HealthWise: New outbreaks need better disease surveillance
Zika outbreaks are particularly worrying in a country like India where 25.5 million births happen every year, zika outbreaks can cause hundreds of cases of foetal abnormalities.Updated: Dec 30, 2018 10:16 IST
Disease outbreaks in India occur with seasonal regularity, with each region having its own particular malaise. The monsoons, for example, bring dengue to Delhi, leptospirosis to Mumbai, chikungunya to Karnataka, encephalitis to eastern Uttar Pradesh and Bihar, and malaria to Chattisggarh, Jharkhand and Odisha.
In 2018, two new potentially fatal infections struck populations several hundred miles away from regions where these diseases had previously occurred, catching epidemiologists and public health experts off guard.
One was Nipah virus disease, which was reported for the first time l in Kerala, where it killed 17 persons in Kozhikode and Malappuram districts in Kerala in May and June. The infection, which was first reported in India in 2001 in Siliguri, West Bengal, when 66 cases and 45 deaths were confirmed, has since then been found in Pteropus giganteus bats or fruit bats.
Low levels of the virus stays in bats without sickening them. A few very ill bats secrete the virus in their droppings, saliva and other body fluids, exposure nasal or respiratory droplets, urine or blood, leading to infection in humans.
The virus jumped from bats to pigs to humans in Malaysia in 1998-99, and then from bats to humans in Bangladesh and India. The second outbreak in India was in Nadia district in West Bengal in 2007 which killed all the five persons infected.
Nipah virus spread to humans in India through the consumption of contaminated fruit or date palm sap or through direct contact with a sick bat’s body fluids or droppings. Human-to-human transmission was also documented in the Kerala outbreak, as it was in Siliguri in 2001.
Zika was contained by orientating hospitals and health workers on infection prevention and control practices, surveillance and contact tracing, implementing contagion treatment protocols, using personal protection equipment, and practicing safe burial practices.
Following the Nipah outbreak, Indian Council of Medical Research’s (ICMR) regional lab network for high-hazard pathogen testing were put on alert, which led to the next big outbreak to be identified through routine surveillance.
On September 22, the Jaipur lab of the ICMR’s zika surveillance system, involving 34 laboratories to detect Zika virus infection in patients with fever, identified the first of the 159 cases of India’s biggest outbreak to date. One case each was detected in Bhopal, Sehore and Vidisha districts in Madhya Pradesh on October 30.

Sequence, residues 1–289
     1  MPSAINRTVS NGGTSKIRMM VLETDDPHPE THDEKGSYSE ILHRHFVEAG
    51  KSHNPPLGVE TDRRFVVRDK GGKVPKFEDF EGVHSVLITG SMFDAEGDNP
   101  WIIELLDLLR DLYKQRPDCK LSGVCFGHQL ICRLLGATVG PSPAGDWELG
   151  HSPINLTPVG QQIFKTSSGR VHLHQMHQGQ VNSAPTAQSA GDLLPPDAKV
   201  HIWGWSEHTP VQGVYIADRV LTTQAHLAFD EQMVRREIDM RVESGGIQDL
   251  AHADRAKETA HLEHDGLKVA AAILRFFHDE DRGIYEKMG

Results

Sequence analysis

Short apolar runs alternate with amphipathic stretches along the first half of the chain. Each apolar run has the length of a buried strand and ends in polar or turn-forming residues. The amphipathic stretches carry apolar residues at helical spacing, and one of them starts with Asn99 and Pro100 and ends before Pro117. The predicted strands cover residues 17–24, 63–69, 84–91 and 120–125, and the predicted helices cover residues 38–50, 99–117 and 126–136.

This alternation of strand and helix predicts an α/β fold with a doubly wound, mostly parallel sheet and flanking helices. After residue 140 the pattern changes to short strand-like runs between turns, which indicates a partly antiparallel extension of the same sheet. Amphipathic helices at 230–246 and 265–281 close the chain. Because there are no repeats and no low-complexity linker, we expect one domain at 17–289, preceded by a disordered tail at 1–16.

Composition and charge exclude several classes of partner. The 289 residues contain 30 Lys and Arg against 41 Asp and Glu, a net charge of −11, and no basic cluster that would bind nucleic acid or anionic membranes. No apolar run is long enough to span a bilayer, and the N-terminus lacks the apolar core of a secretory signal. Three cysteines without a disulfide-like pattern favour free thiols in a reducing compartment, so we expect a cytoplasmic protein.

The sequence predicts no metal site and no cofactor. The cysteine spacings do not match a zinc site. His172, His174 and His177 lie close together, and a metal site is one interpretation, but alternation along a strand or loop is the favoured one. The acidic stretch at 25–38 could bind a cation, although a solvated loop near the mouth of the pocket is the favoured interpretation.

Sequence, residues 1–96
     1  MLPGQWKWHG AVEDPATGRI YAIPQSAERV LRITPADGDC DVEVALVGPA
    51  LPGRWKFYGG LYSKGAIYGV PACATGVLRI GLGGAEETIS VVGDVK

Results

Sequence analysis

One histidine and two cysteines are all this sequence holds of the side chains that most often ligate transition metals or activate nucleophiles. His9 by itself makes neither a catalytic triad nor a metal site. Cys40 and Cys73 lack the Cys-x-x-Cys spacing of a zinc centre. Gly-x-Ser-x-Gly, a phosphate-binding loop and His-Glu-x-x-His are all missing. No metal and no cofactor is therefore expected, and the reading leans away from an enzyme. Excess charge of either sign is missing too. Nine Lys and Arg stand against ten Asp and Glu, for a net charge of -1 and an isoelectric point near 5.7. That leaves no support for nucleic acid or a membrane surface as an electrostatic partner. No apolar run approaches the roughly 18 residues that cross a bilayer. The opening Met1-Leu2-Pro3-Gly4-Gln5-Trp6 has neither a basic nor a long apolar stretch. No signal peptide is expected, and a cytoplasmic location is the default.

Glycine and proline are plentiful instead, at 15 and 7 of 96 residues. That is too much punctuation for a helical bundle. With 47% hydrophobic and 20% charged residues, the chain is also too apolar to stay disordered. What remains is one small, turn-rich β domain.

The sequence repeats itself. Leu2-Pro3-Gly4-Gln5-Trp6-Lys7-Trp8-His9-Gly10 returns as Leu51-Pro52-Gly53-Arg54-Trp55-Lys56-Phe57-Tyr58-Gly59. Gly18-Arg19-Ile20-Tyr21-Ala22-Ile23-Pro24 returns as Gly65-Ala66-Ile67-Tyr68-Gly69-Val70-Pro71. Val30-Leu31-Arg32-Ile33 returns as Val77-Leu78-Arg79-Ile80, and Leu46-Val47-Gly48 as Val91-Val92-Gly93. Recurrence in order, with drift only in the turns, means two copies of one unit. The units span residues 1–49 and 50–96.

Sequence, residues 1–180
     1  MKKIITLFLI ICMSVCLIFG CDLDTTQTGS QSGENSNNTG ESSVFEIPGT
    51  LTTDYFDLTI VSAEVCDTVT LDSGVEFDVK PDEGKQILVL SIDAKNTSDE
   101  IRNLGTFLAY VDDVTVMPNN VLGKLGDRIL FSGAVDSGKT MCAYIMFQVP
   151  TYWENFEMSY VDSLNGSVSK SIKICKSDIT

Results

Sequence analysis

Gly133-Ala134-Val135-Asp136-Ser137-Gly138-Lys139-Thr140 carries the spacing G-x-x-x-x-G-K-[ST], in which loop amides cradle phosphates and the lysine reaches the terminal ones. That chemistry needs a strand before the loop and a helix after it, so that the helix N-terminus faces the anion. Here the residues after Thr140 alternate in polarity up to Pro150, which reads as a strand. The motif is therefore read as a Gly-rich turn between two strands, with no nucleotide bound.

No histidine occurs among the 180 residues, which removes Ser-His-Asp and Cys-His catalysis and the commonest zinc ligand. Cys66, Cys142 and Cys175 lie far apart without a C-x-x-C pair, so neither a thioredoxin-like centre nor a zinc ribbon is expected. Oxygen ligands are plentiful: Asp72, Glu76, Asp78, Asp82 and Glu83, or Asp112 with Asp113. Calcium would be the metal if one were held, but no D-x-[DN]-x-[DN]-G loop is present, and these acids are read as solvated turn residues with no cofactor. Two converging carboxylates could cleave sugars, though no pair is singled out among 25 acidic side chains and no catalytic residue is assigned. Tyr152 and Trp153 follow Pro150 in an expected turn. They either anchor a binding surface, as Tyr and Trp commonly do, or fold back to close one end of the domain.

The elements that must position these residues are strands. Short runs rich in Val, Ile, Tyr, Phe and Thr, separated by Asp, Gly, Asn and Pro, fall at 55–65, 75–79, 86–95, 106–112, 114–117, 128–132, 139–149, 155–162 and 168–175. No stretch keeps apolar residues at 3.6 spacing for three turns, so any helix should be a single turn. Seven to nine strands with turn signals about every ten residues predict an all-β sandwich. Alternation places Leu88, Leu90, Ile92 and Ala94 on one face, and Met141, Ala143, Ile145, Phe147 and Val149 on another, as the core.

By end of November 27, zika had sickened 289 people in Madhya Pradesh and Rajasthan. Zika was first reported in India reported in 2017, with three cases in Ahmedabad, Gujarat and one case in Krishnagiri District of Tamil Nadu.
Zika virus is known to be circulating in the south and south east asia region, according to the World Health Organisation, which did not change the global risk assessment after the India outbreak or recommend any travel or trade restriction to India.
Zika is a viral infection that causes mild fever and is spread by the aedes aegypti mosquito, which also spreads dengue and chikungunya. It was believed to be harmless until an outbreak in Brazil in 2015 linked the zika infection in pregnant women with newborn microcephaly, where babies are born with a smaller than normal head, and congenital defects.
“The environment in India is conducive for ZIKV (zika virus) because of preponderance of the Ae. aegypti mosquitoes. Though these mosquitoes breed throughout the year in and around the houses in potable water sources, the density is extremely high during monsoon since more number of breeding sites becomes available. High humidity and optimal temperature support their survival for many days,” states a 2017 paper published in the Indian Journal of Medical Research.
Zika outbreaks are particularly worrying in a country like India where 25.5 million births happen every year, zika outbreaks can cause hundreds of cases of foetal abnormalities. To prevent newborns being affected, all pregnant women were screened for fever and tested for zika.
To date, no cases of microcephaly or congenital zika syndrome have been reported, but with 80% people not developing symptoms, the risk to pregnant women and their unborn child remains high.
Both zika and nipah here to stay, India needs to expand its disease surveillance networks to identify and contain disease before they infect hundreds.